India’s current cancer figures are currently based on estimates, with just a minority of cases of the condition actually recorded in cause of death reports. The true burden may be far higher than current figures suggest.
The parliamentary standing committee on health and family welfare submitted a report entitled “Cancer Care Plan and Management: Prevention, Diagnosis, Research & Affordability of Cancer Treatment” to the Rajya Sabha. The report recommends that cancer be made a notifiable condition, making it mandatory that health providers report every single case to the authorities.
Typically, diseases that are classed as notifiable are infectious diseases, rather than noncommunicable diseases (NCDs). This is due to the need for quick identification of the disease in order to limit spread and allocate resources where needed.
The National Cancer Registry Programme (NCRP) was put in place four decades ago, despite this, hospital cancer registries only cover around ten percent of the Indian population. As is similar for much of India’s healthcare infrastructure, there is a distinct disparity between rural and urban coverage. The committee noted that there is a pressing need for dedicated rural cancer registries in order to address this issue.
As previously reported by Health Issues India, India’s record for official medical certification of deaths is lacking. It has been more than fifty years since it was written into law that births and deaths must be officially registered, and while roughly 86 percent of estimated total deaths are registered, medical certification covers less than one in five deaths. Due to this, the cause of death, and therefore the actual figures for many diseases, are unknown.
Cancer is often overlooked in the few medical certifications that report a cause. “The Committee notes that cancer is still not classified as a notifiable disease which results in underreporting of cancer deaths…It has been brought to the notice of the Committee that many times death is simply recorded as a cardio-respiratory failure without mentioning the actual cause of death,” states the report.
As reported by the Times of India, India’s cancer mortality to incidence ratio is 0.68, far higher than that of developed countries, which average at 0.38. While India, under current estimates, has a far lower caseload as a proportion of the population compared to western nations, the significantly higher mortality rate is a cause for concern. This, again, is likely due to lower detection in India than in wealthier countries.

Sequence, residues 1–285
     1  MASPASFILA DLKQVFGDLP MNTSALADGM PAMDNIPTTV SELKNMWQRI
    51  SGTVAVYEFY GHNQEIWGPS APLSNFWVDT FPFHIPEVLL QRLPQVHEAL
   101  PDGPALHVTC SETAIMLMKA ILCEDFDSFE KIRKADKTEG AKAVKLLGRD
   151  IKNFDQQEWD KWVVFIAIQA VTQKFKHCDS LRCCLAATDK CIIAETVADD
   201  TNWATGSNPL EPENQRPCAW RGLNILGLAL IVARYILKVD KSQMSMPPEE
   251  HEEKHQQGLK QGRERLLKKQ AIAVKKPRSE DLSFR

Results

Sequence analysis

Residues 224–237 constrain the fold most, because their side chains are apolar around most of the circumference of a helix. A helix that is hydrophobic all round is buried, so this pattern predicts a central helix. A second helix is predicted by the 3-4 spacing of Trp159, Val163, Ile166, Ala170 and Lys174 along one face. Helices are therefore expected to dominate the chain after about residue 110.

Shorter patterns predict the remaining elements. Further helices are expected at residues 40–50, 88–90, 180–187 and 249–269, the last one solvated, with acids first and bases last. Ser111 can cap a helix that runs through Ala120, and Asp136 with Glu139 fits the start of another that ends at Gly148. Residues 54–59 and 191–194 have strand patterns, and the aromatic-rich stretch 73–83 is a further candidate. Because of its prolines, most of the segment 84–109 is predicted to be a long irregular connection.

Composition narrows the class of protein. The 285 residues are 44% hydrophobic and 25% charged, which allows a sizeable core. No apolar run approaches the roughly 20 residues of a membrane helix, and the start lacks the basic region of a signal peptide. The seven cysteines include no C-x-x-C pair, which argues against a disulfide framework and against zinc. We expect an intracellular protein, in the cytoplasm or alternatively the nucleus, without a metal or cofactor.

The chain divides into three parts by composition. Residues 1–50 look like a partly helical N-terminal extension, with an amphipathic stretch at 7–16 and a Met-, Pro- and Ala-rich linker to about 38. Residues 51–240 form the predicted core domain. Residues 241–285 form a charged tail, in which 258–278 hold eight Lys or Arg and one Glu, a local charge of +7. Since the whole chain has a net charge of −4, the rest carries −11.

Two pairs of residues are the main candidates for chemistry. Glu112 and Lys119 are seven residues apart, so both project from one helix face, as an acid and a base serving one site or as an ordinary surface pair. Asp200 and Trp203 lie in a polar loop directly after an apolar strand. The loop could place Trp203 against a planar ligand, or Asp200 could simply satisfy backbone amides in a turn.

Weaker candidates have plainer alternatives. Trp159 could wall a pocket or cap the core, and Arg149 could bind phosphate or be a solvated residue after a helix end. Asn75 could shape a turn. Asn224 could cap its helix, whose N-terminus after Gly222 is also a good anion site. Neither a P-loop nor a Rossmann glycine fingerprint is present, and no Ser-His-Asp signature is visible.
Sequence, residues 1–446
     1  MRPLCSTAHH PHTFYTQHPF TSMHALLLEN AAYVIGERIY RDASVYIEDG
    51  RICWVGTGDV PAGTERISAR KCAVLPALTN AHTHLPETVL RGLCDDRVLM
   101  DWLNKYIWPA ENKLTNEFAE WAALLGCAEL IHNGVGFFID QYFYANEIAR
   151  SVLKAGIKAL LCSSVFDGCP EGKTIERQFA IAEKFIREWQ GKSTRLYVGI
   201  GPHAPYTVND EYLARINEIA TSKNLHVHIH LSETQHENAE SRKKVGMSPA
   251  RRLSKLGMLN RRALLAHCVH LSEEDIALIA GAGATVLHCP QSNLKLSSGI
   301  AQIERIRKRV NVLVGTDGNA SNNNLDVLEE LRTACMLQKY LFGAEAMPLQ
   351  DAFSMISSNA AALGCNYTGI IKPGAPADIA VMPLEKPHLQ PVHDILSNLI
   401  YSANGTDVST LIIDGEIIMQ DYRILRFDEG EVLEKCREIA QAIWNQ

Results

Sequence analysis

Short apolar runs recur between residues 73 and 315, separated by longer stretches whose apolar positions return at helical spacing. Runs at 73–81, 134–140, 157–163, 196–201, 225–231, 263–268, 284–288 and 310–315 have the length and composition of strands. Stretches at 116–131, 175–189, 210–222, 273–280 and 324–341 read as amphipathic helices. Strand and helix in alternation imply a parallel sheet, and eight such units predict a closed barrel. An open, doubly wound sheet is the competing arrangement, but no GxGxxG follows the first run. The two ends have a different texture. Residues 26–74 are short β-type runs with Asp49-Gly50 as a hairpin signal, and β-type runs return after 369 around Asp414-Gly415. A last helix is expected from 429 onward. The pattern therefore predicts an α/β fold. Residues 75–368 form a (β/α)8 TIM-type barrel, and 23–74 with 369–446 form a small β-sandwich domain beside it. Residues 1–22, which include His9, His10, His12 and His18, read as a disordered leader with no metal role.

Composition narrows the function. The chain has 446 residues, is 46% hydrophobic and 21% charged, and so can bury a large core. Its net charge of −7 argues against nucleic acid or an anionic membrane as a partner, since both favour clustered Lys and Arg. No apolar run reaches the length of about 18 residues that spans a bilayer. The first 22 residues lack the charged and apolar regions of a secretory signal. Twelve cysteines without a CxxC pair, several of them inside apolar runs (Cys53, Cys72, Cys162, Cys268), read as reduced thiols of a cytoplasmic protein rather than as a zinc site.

When cancer is detected in its early stages, the prognosis is far more favourable. By stages three and four, chances of survival for most cancers is significantly reduced. Early detection, therefore, is a key practice in ensuring the best outcomes for patients. Detection times during the pandemic have, however, been delayed. With healthcare resources diverted, and many healthcare providers overwhelmed by the number of COVID-19 cases, detection of other diseases – including cancers – have been impacted. Some have stated that this will have lethal consequences in the years to come.
Harmala Gupta, co-president of CanSupport stated in the Times of India last year that “since the pandemic, missed detection opportunities may result in patients being diagnosed with more advanced and harder-to-treat stages of cancer in the future. A Lancet study estimates that there may be an increase in cancer deaths as a result of diagnostic delays over the next five years, ranging from 4.8 percent for lung cancer to 16.6 percent for colorectal cancer [both among the most common forms of cancers among Indian men and lung cancer being one of the most common among women].”
Additional funding and resources will be essential to addressing India’s cancer situation. Health Issues India has reported on the need for an upgrade in cancer infrastructure and oncology human resources in the past; noting that to cope with enhanced demand, the country will need 7,300 oncologists in the years to come. The existing shortfalls of trained medical professionals operating in the area mean as many as 83 percent of Indian cancer patients are failed when it comes to their treatment.
The panel has projected a Rs 35,000 crore expenditure in setting up a nationwide hub-and-spoke model for cancer treatment. While this is an ambitious goal, the establishment of cancer as a notifiable disease may serve to highlight the true extent of the disease in India. An estimated one in fifteen Indians lose their lives to cancer, with potentially even more should the full data be reported. A better understanding of the full picture – with real data, rather than estimates – regarding the magnitude of the lives lost to cancer could encourage additional funding, but for this to occur, as the panel recommends, cases must be reported.